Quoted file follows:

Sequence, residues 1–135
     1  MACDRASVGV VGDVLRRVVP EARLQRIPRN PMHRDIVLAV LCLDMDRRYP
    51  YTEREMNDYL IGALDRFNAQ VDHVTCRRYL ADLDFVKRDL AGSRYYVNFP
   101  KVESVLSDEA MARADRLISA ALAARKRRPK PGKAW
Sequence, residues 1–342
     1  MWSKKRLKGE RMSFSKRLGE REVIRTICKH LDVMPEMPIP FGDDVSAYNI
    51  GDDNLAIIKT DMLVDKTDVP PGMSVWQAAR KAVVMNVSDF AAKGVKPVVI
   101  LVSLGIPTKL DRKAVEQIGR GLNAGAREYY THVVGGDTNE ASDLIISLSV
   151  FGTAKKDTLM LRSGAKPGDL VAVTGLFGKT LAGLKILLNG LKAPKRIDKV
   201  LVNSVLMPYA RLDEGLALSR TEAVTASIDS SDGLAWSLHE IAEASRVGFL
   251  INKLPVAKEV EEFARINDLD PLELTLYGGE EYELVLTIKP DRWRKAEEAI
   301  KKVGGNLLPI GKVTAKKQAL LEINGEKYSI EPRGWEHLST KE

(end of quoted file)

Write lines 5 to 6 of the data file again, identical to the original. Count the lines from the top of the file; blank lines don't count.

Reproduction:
Sequence, residues 1–342
     1  MWSKKRLKGE RMSFSKRLGE REVIRTICKH LDVMPEMPIP FGDDVSAYNI